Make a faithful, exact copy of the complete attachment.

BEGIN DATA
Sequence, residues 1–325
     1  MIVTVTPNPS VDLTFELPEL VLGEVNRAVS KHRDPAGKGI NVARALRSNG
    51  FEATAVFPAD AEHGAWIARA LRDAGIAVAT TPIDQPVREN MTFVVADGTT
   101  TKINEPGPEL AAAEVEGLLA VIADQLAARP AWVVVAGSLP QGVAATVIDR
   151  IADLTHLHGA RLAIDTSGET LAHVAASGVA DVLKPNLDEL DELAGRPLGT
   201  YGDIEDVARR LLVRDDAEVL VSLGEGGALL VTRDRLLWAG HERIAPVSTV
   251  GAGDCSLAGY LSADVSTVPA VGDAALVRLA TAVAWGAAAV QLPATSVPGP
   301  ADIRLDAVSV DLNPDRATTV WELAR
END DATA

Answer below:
Sequence, residues 1–325
     1  MIVTVTPNPS VDLTFELPEL VLGEVNRAVS KHRDPAGKGI NVARALRSNG
    51  FEATAVFPAD AEHGAWIARA LRDAGIAVAT TPIDQPVREN MTFVVADGTT
   101  TKINEPGPEL AAAEVEGLLA VIADQLAARP AWVVVAGSLP QGVAATVIDR
   151  IADLTHLHGA RLAIDTSGET LAHVAASGVA DVLKPNLDEL DELAGRPLGT
   201  YGDIEDVARR LLVRDDAEVL VSLGEGGALL VTRDRLLWAG HERIAPVSTV
   251  GAGDCSLAGY LSADVSTVPA VGDAALVRLA TAVAWGAAAV QLPATSVPGP
   301  ADIRLDAVSV DLNPDRATTV WELAR